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July 16, 2003

Daily Care, Insulin Pumps

Question from Virginia, USA:

I am 19, have had diabetes for 11 years, and I have been using an insulin pump for the last year and a half which has improved the flexibility of my life. Before going on the pump I used to have low days, whereby any amount of carbohydrate consumption, and lowering of insulin did not resolve the hypoglycemia for more than a few hours, and occasionally high days where any amount of insulin I gave myself would not resolve the hyperglycemia. With the pump I have greatly lowered my "low days", but my high days have become worse in terms of blood sugars (400s-500s mg/dl [22.2-27.8 mmol/L] and length (48 hours), and now I have ketones too. Also just for reference, I have had no weight gain since being on the pump, actually I lost a little although my hemoglobin A1c have stayed 7- 8% the whole time. The pump has also been working fine, and infusion and cartridges sites are changed at the first sign of fluctuation. Is it possible that now that I am using Humalog in my pump 24 hours per day/seven days per week that I am becoming resistant to it to? Do people with long term type I diabetes become more insulin resistant over time? Any other ideas as to what could be happening? Is there anything that can stop this from happening?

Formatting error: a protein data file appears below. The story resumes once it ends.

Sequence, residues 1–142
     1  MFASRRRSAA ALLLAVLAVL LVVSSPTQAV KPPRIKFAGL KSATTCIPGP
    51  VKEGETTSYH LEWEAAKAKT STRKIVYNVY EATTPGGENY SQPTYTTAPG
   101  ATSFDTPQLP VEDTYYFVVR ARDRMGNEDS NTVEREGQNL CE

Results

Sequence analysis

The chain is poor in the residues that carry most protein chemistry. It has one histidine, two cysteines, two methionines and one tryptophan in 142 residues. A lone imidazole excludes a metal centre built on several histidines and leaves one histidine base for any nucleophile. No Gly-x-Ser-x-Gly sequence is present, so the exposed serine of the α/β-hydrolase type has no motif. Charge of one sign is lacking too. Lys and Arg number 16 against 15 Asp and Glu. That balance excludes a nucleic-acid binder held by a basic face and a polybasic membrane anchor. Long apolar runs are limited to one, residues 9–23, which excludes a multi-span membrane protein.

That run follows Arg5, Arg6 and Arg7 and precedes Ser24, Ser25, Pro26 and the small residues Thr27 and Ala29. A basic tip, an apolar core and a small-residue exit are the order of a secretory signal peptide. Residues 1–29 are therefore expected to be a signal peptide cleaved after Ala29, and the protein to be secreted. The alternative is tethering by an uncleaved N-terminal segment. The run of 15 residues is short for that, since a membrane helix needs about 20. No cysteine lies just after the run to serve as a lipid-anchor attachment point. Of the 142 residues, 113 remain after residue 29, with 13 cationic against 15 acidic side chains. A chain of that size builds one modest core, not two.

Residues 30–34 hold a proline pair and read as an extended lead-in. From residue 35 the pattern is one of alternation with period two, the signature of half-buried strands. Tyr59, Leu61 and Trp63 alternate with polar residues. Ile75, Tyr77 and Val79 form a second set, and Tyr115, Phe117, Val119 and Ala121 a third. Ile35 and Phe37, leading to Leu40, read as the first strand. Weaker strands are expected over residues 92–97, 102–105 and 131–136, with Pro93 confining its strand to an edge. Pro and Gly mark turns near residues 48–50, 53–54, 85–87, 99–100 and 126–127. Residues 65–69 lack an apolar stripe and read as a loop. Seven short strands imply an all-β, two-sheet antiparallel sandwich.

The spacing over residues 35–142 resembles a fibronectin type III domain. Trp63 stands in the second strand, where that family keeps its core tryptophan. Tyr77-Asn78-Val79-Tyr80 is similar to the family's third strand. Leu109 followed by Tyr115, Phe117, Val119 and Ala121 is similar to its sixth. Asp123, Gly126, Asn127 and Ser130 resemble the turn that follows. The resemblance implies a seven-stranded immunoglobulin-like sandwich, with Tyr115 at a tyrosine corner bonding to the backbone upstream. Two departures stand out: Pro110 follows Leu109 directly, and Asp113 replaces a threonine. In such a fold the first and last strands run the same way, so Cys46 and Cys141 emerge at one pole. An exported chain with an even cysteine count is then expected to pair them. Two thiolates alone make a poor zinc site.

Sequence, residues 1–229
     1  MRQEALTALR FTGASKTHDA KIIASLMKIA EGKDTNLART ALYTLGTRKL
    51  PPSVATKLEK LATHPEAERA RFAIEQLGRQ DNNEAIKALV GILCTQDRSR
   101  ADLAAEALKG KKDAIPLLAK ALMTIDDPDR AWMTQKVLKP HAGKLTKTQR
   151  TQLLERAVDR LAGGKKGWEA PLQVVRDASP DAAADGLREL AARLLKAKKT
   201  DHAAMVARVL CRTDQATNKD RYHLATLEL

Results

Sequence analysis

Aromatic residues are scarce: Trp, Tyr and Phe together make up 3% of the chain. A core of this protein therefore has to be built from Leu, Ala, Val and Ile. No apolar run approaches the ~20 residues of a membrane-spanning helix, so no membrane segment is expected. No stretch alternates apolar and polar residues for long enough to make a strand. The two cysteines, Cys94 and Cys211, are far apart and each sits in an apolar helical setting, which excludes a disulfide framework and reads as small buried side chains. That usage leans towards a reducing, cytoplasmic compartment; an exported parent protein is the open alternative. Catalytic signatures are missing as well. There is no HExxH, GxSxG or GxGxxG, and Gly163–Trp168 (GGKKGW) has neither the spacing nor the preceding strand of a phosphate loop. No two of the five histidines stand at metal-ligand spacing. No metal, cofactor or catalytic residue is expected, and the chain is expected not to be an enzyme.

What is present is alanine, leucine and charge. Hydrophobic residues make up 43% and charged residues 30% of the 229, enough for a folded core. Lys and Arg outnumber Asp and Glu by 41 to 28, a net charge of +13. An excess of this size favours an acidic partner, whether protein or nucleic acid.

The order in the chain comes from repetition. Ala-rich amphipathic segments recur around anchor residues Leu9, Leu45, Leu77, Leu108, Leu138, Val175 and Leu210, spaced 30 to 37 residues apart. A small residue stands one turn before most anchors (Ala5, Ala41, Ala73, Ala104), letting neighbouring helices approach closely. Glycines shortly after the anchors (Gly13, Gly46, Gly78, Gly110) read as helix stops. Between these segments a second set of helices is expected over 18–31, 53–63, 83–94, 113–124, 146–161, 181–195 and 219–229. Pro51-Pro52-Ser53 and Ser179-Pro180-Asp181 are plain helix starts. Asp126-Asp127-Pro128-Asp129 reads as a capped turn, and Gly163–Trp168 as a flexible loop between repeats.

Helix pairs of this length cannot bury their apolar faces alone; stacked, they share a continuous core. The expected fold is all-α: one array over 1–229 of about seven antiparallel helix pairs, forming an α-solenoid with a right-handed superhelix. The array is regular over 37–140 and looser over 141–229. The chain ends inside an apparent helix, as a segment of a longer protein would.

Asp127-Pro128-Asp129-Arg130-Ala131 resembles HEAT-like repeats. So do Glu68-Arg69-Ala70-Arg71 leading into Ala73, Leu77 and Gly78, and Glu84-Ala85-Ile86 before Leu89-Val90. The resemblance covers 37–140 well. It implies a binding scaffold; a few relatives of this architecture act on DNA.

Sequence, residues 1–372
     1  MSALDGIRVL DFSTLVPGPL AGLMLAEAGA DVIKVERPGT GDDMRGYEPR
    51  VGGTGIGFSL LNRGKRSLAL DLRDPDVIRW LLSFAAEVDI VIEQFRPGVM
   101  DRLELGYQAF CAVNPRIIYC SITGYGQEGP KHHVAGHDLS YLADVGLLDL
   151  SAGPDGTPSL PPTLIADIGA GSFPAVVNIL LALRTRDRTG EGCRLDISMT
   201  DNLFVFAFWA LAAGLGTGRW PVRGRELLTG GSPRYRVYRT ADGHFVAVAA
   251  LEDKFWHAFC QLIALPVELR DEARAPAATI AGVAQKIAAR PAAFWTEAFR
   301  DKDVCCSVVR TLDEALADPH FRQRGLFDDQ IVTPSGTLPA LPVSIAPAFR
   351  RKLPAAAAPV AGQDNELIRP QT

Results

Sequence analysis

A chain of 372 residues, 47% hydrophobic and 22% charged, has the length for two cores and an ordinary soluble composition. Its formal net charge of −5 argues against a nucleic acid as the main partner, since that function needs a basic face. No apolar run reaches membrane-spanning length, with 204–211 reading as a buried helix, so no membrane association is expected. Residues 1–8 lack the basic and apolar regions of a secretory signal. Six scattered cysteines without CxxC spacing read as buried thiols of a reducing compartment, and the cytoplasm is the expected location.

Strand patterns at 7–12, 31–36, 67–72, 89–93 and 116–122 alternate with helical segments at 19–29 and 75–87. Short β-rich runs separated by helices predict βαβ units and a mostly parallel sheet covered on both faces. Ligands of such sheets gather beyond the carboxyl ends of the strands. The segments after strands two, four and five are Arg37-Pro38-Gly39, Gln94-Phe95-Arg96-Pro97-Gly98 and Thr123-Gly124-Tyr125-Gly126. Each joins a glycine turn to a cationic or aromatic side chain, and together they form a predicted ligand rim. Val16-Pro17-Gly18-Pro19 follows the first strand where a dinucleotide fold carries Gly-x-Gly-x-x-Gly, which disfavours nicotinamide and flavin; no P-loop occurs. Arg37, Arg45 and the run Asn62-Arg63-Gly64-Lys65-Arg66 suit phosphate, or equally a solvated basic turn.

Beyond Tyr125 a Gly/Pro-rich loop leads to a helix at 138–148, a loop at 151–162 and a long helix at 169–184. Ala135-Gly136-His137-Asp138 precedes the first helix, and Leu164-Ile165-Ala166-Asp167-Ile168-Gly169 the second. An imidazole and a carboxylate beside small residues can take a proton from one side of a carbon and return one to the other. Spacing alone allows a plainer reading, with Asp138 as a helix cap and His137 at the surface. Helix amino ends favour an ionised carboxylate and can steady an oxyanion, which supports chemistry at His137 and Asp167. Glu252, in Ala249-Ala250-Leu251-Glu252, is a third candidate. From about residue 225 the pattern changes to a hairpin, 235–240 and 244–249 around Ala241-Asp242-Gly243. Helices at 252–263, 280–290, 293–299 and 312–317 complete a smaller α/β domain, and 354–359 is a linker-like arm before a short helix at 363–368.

Answer:

Resistance to Humalog is likely to be similar to resistance to any other insulin. You can measure antibodies in the blood that bind up the insulin and make it less responsive in the lowering of the blood sugars. These antibodies also have the potential to release the insulin without warning and can account for lows that come on suddenly. I would suggest you have your physician measure the insulin antibodies.

There is also the possibility that other things could be causing problems, including lipohypertrophy at your infusion sites, inactivated insulin, or other intercurrent illness. Potential remedies include ruling out the above problems, the use of NovoLog in the insulin pump, and additional time with a physician and education team who has expertise on pump therapy.

JTL
Additional comments from Dr. Jim Lane:

Resistance to Humalog is likely to be similar to resistance to any other insulin. You can measure antibodies in the blood that bind up the insulin and make it less responsive in the lowering of the blood sugars. These antibodies also have the potential to release the insulin without warning and can account for lows that come on suddenly. I would suggest you have your physician measure the insulin antibodies.

There is also the possibility that other things could be causing problems, including lipohypertrophy at your infusion sites, inactivated insulin, or other intercurrent illness. Potential remedies include ruling out the above problems, the use of NovoLog in the insulin pump, and additional time with a physician and education team who has expertise on pump therapy.

JTL

[Editor’s comment: You may find Pumping Insulin by John Walsh, P.A., C.D.E., and Ruth Roberts, M.A. very helpful as you problem-solve.

SS]